- Chemicals: know when the chemicals you use are a potential hazard. Use cabinet locks on cabinets that contain chemicals and always store chemicals in their original containers. Do not store in milk or plastic containers. Beware of hair colourants and chemical hair straightening treatments – it can cause severe chemical burns in children.
- Be prepared: Teach children the hazards of fires and educate them on how to avoid foreseeable dangers. Be prepared for an emergency by creating a fire escape plan with the whole family.
How to create a fire escape plan:
- Make a map of your home
- Plan your escape route by identifying two unobstructed ways out of each room
- Test all doors for evidence of heat before opening them. If you feel heat, do not open it. If the door is not hot and you open it, open it slowly and be prepared to close it again should you see flames or heavy smoke
- Close all doors behind you, this will serve as a firebreak and hinder the spread of fire
- Close room doors to create firebreaks before opening windows
- If your escape route involves an upper level window, be sure to plan a safe way of getting to the ground
- Decide on a safe meeting place that is a safe distance from the house. This is where everyone will meet in the event of a fire
- Practice your escape plan with the entire household often and at different times during the day. Practicing emergency escape plans is crucial to helping you and your family remain calm and confident during an actual emergency
- Plan for everyone in your family, including babies and pets
- Teach children to leave a burning building by crawling under the smoke, and to stop, drop and roll if clothes catch fire
- Should a burn occur, cool the burn under cold tap water for 20 minutes. Make sure that the injured person remains warm and seek medical attention. Do not apply ice, egg, toothpaste, butter or anything else to the burn. Simply cover the wound with clingwrap or a clean sheet and seek medical assistance immediately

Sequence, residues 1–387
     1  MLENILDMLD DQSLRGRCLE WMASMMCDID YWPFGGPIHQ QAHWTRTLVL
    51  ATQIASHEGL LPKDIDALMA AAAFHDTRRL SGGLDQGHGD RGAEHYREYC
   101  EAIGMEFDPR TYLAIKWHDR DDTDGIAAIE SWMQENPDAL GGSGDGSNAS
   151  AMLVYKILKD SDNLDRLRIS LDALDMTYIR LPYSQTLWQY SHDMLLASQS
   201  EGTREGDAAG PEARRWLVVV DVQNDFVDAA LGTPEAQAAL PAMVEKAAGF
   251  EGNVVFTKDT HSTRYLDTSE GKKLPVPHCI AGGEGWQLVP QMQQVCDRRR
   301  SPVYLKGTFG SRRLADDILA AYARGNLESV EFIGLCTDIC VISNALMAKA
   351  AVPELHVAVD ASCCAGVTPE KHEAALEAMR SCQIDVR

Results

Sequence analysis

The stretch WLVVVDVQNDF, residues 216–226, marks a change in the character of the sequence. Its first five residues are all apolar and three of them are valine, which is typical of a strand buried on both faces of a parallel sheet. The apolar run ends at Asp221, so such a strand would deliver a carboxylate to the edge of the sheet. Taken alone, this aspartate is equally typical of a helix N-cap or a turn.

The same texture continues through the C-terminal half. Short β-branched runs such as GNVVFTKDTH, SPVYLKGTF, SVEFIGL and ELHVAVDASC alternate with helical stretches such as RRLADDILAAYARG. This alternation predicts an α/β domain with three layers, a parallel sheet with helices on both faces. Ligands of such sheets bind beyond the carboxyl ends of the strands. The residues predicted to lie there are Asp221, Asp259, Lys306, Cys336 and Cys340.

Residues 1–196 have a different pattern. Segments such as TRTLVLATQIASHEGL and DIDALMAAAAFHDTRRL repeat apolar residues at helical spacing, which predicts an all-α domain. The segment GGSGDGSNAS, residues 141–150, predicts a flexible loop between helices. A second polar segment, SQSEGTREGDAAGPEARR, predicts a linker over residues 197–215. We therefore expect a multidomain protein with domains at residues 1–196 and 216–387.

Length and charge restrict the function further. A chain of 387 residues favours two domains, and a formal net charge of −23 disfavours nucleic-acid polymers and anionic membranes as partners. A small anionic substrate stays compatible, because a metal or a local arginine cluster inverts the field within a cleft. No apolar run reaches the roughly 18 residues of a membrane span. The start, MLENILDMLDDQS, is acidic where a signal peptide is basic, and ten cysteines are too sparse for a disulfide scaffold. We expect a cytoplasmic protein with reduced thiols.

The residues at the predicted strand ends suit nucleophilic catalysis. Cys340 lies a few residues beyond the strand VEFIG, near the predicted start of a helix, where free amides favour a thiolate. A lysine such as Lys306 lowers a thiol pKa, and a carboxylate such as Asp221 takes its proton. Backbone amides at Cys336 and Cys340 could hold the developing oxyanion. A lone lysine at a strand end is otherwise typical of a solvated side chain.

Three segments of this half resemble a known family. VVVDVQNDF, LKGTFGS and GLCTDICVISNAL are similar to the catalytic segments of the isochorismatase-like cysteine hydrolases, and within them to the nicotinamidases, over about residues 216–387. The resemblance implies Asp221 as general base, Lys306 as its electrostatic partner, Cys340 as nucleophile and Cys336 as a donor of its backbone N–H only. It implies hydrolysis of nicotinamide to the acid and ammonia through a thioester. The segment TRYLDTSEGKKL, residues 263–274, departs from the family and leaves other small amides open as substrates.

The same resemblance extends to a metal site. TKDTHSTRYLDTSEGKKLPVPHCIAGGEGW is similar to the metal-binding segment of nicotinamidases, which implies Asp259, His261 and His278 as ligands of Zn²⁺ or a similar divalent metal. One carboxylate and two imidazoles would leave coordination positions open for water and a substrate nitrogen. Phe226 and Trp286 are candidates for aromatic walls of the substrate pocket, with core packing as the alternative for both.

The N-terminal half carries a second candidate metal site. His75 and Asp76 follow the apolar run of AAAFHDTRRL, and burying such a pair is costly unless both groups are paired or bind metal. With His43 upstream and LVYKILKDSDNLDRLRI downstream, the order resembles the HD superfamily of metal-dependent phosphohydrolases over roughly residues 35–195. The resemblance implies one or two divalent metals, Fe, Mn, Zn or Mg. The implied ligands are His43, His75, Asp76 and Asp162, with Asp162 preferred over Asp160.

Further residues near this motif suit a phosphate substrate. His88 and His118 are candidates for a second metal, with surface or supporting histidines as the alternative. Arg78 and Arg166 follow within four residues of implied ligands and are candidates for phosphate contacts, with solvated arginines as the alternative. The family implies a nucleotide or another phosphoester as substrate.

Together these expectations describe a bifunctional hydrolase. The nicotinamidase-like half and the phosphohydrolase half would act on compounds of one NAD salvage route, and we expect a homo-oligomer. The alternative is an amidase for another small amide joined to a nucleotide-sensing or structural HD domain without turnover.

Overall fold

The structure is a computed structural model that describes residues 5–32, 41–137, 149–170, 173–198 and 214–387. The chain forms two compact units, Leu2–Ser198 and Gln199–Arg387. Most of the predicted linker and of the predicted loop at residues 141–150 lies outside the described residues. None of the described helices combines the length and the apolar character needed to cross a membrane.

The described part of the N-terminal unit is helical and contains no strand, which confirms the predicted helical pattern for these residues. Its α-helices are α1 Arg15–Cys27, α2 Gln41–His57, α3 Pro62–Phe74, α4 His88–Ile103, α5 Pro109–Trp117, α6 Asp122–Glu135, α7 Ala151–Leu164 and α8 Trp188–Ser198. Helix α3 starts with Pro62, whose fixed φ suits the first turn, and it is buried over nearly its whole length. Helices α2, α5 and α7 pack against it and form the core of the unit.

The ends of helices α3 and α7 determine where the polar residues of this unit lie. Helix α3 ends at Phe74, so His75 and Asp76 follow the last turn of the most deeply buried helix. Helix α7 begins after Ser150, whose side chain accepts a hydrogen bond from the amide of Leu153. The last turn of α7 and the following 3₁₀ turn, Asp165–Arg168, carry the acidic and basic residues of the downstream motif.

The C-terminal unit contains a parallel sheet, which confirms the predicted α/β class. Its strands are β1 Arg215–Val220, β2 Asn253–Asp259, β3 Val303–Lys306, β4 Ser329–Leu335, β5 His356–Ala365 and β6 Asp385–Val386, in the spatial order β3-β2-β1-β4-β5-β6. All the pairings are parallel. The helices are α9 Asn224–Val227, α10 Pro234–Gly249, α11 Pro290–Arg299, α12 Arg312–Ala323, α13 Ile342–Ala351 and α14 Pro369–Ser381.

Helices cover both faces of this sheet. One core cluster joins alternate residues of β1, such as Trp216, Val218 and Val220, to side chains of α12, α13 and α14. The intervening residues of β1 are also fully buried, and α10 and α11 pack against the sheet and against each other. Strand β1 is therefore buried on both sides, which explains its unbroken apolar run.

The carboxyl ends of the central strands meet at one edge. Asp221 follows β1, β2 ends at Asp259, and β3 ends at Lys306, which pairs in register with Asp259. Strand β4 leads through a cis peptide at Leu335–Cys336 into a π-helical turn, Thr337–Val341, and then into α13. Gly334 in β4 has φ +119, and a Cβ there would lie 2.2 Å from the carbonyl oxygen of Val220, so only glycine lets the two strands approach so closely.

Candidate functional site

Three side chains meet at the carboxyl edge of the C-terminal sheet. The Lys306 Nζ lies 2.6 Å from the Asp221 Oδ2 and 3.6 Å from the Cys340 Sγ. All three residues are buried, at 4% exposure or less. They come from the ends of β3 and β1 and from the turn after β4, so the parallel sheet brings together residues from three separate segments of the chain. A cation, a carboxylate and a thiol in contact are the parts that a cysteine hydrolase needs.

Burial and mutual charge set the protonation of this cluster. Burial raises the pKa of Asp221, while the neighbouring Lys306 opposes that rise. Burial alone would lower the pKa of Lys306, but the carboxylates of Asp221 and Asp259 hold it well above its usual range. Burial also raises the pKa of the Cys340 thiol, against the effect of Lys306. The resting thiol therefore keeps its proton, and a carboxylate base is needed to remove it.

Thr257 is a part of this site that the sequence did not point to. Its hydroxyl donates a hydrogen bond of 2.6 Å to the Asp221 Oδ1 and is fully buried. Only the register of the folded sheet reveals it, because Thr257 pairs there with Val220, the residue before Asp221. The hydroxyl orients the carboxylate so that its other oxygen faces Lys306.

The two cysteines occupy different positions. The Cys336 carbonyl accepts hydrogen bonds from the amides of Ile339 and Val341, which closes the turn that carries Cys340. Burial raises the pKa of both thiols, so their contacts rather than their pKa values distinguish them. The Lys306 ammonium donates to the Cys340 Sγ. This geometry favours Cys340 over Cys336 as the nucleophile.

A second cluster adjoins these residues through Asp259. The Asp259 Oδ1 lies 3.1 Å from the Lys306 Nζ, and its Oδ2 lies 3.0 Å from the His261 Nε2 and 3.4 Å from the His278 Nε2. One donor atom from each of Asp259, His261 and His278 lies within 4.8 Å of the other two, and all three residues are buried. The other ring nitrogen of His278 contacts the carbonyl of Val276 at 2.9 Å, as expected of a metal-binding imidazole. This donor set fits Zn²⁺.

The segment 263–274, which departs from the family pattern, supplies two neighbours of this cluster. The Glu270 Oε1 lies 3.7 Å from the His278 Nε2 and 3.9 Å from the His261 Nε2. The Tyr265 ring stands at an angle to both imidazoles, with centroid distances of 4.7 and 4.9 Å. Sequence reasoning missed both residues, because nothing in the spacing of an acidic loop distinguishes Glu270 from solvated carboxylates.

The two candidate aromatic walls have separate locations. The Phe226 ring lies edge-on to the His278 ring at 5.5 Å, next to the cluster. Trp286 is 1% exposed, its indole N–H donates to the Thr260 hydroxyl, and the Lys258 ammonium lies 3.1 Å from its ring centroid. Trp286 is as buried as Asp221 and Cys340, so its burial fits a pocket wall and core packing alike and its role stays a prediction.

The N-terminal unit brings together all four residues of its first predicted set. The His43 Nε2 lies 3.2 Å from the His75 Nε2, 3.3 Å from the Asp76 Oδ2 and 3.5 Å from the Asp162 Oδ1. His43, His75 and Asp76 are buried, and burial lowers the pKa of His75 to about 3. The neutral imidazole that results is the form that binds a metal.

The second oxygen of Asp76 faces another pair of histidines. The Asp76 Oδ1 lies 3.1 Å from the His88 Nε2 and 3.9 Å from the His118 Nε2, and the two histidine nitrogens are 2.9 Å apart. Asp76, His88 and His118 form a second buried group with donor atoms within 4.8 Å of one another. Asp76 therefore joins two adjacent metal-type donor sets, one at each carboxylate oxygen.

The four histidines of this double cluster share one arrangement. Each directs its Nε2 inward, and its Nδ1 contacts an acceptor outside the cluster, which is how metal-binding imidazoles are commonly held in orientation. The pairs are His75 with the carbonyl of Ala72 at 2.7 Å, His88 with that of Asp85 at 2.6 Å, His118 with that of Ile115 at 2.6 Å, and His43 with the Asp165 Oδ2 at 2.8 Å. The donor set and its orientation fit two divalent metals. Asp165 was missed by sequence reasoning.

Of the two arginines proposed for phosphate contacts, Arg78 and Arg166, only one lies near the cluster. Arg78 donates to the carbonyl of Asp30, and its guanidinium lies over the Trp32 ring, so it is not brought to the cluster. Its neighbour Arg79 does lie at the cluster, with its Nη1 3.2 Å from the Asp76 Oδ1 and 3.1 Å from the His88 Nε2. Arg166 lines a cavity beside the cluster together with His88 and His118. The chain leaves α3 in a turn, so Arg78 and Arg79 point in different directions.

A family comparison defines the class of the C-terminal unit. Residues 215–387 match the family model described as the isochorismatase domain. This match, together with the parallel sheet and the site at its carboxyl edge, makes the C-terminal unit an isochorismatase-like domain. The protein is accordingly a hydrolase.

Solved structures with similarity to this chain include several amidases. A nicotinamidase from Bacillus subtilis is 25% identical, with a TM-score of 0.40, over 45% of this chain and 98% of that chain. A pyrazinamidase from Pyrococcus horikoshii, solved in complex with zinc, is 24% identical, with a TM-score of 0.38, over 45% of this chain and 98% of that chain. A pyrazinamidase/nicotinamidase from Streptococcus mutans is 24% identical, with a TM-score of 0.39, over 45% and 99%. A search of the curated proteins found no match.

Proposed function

The impact of severe burn injuries extends beyond the patients themselves, it also affects the friends and families who love and support them, therefore Western Cape Government Health urges parents and caregivers to be aware of the dangers posed and to take steps to keep their families safe.
- The Burns Unit at Red Cross War Memorial Children’s Hospital is the only specialised paediatric Burns Unit within a dedicated children’s hospital in Africa
- Every year the hospital treats approximately 3 500 children for burns (which includes children who are treated in the Burns Outpatient Clinic); approximately 1 300 of these cases are severe burns
- The greatest cause for burns in small children is fluid burns, comprising 84% of burn injuries treated at the hospital
- Children under 6 are more at risk with 85% of burns patients treated being younger than 6 and 50% are children under 2
- Ninety-eight percent of children treated for burns are from disadvantaged communities
- Children’s skin is thinner than adults' and their skin burns at lower temperatures more deeply, making them susceptible to harsher burns with long-term effects
- Support from peers can be incredibly important in helping the patient re-integrate into their community and develop a sense of self-acceptance
- In South Africa, burns is the third most common cause of accidental deaths amongst children under 14 years, exceeded only by motor vehicle accidents and drowning
- Nearly 230 children die from burns in South Africa every year